The end of 2016 saw gallium prices rise for the first time in five years. Welcome news for refiners who have been selling the metal at decade-low levels.
Yet, there are few reasons to believe gallium prices will continue rising through the first quarter of 2017.
The large expansion of gallium refining capacity that came online between 2013 and 2015 led prices to decline by 50 percent over the same period.
Persistent over-supply and falling prices led Chinese refiners – who account for roughly 80 percent of global primary gallium production – to halt production in the second half of 2016. This, combined with consumers accustomed to ordering material as needed, led to a shortage in the spot gallium market by November.
With refiners bringing more production back online after the Chinese New Year, the gallium shortage may be short-lived.
One factor that may have a further dampening affect on the gallium market is the auction of 51 metric tonnes (MT) of the metal that has arisen due to a failed investment in China. While the metal recently went for public tender in Tianjin, it is difficult to see this amount of the metal selling as one lot for anything close to market prices.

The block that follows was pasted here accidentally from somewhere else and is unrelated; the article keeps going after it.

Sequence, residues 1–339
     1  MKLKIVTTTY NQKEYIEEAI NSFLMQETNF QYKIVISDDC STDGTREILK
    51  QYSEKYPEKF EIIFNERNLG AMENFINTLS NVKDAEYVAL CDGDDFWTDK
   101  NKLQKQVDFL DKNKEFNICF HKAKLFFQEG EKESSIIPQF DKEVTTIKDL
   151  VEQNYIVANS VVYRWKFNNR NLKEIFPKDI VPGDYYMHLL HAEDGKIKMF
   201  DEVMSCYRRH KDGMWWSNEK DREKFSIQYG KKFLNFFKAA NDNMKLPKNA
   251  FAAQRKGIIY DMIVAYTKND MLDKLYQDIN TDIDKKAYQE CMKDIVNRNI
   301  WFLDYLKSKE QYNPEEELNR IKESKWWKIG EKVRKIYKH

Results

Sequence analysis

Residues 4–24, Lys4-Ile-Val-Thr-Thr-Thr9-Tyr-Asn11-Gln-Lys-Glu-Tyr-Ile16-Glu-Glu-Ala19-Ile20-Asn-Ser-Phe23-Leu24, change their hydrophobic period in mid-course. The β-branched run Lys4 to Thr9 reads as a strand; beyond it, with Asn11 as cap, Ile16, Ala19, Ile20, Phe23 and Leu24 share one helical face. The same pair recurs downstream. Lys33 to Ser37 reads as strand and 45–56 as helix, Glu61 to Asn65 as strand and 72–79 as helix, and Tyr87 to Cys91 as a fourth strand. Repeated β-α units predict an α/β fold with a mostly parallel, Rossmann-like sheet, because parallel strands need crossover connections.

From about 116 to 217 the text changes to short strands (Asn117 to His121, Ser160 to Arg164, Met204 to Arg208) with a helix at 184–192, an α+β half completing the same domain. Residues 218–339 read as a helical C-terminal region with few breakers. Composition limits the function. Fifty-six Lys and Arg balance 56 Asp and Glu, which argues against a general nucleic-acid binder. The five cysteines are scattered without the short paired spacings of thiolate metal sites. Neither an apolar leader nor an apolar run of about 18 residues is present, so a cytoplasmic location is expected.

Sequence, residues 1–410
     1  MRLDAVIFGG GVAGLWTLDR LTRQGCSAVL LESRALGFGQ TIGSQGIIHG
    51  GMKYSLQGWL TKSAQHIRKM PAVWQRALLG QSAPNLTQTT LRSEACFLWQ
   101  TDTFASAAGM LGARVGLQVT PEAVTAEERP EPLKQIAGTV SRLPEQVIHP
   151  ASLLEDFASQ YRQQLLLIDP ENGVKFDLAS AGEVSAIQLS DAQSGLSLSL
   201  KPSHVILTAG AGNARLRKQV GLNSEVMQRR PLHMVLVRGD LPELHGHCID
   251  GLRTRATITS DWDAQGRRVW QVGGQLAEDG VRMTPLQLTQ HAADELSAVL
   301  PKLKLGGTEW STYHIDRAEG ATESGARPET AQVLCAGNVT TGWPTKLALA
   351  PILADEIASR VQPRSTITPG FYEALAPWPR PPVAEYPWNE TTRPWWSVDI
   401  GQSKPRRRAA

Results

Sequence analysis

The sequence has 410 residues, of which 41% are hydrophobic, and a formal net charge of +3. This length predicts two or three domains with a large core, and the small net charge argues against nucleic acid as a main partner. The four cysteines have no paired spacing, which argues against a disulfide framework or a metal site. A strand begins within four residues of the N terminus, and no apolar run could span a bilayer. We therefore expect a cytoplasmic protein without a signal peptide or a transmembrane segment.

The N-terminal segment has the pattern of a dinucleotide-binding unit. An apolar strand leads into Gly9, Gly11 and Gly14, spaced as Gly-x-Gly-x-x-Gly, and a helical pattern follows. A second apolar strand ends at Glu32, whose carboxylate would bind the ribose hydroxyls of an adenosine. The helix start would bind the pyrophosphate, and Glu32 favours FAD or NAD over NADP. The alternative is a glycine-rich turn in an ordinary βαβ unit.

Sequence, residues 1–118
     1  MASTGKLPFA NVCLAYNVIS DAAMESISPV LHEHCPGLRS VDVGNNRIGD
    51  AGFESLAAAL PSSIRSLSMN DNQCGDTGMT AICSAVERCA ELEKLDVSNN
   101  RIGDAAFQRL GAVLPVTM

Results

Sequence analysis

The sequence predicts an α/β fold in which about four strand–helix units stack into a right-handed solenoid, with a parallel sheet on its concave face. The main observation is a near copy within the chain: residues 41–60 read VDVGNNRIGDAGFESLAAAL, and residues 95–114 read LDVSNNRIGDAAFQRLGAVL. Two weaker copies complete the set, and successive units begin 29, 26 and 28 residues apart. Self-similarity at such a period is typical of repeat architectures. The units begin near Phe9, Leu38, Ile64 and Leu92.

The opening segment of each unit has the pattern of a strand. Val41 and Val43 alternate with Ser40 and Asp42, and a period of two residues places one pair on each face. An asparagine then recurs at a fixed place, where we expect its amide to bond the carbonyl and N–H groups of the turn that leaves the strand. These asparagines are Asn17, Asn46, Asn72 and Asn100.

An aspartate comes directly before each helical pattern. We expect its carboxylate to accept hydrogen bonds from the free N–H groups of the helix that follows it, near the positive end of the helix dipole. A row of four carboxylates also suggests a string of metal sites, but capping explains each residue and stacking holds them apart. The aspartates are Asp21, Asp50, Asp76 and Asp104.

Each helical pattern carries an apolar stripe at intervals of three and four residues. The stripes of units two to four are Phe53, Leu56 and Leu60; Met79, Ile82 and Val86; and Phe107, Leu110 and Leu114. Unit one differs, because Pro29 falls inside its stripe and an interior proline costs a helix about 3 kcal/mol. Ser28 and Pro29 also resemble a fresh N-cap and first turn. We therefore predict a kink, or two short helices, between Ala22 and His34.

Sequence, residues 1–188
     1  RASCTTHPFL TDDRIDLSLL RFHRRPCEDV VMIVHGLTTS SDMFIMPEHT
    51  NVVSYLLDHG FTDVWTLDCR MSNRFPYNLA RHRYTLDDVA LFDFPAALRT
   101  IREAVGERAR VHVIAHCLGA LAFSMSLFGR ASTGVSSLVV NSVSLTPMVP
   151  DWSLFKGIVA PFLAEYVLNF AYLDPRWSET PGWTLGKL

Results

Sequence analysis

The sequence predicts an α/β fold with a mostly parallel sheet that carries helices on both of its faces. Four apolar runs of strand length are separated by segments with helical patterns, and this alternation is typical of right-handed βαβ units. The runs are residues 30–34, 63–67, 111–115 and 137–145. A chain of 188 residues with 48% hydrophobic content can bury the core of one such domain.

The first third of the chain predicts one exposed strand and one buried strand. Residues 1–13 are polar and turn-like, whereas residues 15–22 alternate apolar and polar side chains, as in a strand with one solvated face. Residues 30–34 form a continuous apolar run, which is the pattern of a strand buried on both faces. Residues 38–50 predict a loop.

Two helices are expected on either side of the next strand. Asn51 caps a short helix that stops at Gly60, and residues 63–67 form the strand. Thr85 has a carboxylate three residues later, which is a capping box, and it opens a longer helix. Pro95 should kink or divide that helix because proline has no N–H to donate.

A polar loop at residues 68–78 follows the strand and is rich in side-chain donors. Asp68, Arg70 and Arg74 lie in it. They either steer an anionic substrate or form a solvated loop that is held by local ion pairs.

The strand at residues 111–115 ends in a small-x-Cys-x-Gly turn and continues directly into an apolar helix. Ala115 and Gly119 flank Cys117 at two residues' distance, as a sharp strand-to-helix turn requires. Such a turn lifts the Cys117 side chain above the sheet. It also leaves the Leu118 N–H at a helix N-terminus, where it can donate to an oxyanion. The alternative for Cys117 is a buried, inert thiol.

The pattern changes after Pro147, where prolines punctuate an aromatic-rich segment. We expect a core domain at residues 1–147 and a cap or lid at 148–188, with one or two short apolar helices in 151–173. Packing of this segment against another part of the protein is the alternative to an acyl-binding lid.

As in the case of the still unresolved Fanya Metal Exchange inventory, if this metal does find its way to market as a result of the auction, it will be a huge drag on gallium prices.
That said, over the past few months there has been strong demand for all commodities in China, as companies and individuals fearful of further weakening of the renminbi look to turn cash into physical assets. This has already driven Chinese domestic prices for metals like tellurium, germanium and bismuth above non-Chinese market prices.
And if the demand in China for non-renminbi denominated assets is so high that it means Carlos Tevez is worth US$ 750,000 per week, well then, it is not unbelievable 51MT of gallium could be sold for a surprising sum as well.